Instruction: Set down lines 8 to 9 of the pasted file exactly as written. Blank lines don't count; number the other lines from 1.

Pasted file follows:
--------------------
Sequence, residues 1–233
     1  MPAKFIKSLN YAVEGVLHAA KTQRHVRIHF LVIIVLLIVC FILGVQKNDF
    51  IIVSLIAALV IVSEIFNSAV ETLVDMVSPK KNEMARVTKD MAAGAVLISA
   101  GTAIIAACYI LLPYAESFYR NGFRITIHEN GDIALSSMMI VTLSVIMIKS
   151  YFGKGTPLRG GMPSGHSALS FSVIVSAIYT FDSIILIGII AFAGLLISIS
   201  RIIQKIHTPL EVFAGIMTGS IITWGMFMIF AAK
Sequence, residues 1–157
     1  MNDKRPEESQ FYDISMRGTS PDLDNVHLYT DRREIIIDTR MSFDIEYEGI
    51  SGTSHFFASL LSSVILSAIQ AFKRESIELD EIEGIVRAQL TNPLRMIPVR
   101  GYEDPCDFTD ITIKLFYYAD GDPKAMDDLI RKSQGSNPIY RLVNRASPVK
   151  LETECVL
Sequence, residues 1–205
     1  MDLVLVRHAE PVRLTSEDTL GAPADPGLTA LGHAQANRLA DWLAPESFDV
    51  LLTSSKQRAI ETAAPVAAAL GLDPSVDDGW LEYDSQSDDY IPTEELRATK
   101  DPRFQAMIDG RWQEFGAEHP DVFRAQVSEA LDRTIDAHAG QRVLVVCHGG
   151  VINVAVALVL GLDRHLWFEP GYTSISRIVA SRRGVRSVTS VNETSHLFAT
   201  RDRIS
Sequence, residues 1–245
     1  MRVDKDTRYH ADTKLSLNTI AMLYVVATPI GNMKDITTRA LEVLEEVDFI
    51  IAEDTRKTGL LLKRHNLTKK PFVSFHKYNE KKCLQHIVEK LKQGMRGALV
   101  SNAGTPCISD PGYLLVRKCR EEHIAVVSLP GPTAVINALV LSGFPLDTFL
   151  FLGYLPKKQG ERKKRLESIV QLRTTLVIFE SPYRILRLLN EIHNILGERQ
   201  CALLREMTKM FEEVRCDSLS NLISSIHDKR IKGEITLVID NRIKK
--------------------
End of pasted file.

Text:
     1  MNDKRPEESQ FYDISMRGTS PDLDNVHLYT DRREIIIDTR MSFDIEYEGI
    51  SGTSHFFASL LSSVILSAIQ AFKRESIELD EIEGIVRAQL TNPLRMIPVR